i agree, bigwilly. the yuk factor is powerful and they don't want to face it. who knows what other reasons they have.

Personally I'm much more worried about bio-engineered plants/animals than cloned ones.

Snail darter- with your accumulated education, please explain to me how cloning an animal is done, then explain how it would cause problems. Specifically, not just 'it's new'. I am always open to new evidence.

In the mean time, here's some light reading:

I could probly find more... note the lack of evidence that there is any danger in cloned meat.

jonwell- hope i didn't offend you. i'm just a kkm. in my brief experience here, it seems to me lots of peole attack or talk down their nose to those with opposing opinions, as if they can't possibly be plausible. the only reason i said anything about science is to imply that i have rationale for my opinion. i am not saying it's right or wrong, i'm just saying that i have taken the time in my life to undestand a little about cloning and to form opinions consuming these products. again, i am no expert, and for me to try and act like it would be laughable. but i can take a stab at explaining basics of reproductive cloning as i understand it and express my personal concerns.

reproductive cloning produces an animal that has the same nuclear dna as another animal. they remove genetic material from an egg, place dna of a donor cell into the egg, somehow stimulate cell division, and place the embryo into a female host for gestation.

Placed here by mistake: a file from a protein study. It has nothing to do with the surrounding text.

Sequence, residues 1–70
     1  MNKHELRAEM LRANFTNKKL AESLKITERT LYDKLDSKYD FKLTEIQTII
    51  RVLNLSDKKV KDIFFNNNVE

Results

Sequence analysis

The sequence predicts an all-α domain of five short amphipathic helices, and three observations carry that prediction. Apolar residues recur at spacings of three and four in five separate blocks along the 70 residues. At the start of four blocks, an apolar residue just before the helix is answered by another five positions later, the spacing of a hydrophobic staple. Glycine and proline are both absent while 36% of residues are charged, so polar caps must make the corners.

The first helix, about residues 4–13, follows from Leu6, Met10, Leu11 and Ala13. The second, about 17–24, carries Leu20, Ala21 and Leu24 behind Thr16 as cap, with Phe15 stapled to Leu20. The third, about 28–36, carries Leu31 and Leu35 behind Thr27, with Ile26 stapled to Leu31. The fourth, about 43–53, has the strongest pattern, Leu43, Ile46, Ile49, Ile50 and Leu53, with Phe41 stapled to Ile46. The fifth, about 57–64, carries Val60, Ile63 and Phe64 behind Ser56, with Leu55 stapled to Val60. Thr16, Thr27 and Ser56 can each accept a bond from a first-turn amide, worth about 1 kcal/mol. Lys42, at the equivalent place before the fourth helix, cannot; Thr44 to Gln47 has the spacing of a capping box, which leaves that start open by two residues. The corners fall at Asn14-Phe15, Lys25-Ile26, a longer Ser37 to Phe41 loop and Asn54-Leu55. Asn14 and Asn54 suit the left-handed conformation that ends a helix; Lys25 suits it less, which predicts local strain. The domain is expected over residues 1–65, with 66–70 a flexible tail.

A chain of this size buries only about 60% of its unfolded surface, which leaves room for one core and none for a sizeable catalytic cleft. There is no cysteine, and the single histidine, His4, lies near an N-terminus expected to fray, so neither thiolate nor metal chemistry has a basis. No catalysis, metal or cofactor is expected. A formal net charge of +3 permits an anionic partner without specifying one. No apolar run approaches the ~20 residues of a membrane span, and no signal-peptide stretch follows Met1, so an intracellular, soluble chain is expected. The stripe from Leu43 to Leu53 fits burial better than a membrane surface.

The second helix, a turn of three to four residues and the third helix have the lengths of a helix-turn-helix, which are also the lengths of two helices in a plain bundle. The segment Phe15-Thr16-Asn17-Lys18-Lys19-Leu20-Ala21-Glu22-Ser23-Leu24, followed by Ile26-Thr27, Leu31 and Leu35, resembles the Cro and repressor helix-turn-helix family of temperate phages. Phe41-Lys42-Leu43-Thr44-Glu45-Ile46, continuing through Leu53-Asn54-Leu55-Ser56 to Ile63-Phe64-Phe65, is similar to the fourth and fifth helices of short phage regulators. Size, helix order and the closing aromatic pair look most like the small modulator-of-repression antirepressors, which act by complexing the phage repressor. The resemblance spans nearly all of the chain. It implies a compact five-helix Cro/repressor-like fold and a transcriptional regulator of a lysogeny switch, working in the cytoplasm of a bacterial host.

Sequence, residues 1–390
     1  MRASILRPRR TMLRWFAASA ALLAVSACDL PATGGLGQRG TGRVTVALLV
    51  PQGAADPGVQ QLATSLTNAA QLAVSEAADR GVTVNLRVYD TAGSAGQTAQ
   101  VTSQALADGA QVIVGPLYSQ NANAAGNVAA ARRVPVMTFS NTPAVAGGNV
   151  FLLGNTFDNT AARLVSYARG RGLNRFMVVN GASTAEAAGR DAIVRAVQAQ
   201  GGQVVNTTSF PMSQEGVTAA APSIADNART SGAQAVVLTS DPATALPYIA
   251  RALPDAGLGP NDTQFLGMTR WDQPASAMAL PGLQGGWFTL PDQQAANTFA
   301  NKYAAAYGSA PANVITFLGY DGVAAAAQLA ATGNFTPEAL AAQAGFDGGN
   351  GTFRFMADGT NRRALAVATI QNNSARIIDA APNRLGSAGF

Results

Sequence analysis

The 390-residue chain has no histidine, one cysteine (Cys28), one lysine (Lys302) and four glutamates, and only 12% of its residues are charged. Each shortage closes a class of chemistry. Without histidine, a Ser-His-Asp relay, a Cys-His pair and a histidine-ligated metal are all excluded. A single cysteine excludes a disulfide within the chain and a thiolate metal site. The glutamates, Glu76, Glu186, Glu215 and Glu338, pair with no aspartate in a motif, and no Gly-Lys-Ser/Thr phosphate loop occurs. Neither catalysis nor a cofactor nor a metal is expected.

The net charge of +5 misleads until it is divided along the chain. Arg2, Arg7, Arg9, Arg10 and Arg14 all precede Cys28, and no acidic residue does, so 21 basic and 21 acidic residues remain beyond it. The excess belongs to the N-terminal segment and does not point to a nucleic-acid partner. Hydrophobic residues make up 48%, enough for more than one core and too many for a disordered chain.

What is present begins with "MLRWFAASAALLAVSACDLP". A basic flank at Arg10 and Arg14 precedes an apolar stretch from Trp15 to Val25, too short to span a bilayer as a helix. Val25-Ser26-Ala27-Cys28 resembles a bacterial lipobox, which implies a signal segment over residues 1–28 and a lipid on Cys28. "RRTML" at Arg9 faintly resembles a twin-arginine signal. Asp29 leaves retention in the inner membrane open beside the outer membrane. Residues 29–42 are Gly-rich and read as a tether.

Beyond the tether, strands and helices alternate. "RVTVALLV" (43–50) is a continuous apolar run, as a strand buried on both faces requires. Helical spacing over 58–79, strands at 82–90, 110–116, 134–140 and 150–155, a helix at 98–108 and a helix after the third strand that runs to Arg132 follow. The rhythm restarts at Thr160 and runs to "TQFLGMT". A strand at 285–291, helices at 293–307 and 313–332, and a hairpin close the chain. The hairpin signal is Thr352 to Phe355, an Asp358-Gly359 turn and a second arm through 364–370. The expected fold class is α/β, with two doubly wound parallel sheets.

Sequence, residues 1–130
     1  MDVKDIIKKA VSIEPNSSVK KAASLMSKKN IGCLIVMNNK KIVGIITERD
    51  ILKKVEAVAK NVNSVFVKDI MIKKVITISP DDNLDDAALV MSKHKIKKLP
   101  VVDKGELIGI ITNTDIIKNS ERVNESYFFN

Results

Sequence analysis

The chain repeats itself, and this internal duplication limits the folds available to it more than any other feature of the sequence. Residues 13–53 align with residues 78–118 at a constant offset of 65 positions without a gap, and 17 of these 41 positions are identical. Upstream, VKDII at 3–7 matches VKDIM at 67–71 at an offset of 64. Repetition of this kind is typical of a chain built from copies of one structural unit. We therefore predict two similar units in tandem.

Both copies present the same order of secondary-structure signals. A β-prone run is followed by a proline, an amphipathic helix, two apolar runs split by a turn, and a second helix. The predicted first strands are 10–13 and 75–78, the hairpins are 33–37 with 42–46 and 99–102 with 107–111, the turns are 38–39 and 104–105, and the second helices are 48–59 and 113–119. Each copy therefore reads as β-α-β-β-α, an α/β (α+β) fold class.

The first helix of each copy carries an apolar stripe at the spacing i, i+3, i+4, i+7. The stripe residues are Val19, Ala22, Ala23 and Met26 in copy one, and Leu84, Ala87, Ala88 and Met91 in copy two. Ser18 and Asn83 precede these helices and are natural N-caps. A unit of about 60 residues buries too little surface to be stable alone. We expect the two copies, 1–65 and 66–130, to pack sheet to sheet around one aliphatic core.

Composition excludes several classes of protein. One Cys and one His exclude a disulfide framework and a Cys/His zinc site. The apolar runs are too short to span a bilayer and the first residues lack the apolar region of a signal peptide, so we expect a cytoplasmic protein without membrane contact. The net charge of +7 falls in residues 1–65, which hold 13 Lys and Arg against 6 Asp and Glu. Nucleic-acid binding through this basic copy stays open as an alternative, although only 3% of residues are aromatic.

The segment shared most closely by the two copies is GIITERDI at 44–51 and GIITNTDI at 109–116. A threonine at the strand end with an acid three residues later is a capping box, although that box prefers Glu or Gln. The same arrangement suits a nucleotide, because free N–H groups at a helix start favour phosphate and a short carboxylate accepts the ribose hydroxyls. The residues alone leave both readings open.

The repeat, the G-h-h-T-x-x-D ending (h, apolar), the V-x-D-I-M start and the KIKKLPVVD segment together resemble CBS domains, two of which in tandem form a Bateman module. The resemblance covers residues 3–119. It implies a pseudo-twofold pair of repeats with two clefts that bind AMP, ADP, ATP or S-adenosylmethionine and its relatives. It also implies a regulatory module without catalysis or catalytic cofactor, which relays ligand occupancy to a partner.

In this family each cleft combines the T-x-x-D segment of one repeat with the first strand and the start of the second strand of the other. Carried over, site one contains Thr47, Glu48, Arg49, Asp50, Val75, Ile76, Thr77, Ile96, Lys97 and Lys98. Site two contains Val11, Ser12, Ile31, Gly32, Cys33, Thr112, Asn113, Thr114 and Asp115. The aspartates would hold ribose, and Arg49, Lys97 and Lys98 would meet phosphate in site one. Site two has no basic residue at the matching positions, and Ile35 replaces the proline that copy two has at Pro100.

however, it's not an exact replica of the donor animal. while the nuclear dna is the same, some of the mitochondrial dna comes from the cytoplasm of the egg. some think the problems i mentioned above ie mysterious deaths, very low success at producing viable offspring, deformity, weak immune systems, infections, etc. in cloned animals are related to this.. something to do with errors in the reprogramming process of creating an entire organism (clone) from a specific cell with a specific function, with different mitochondrial dna than the donor.

So.. cloned animals are NOT identical twins and cloned animals HAVE LOTS of problems. that is common knowledge.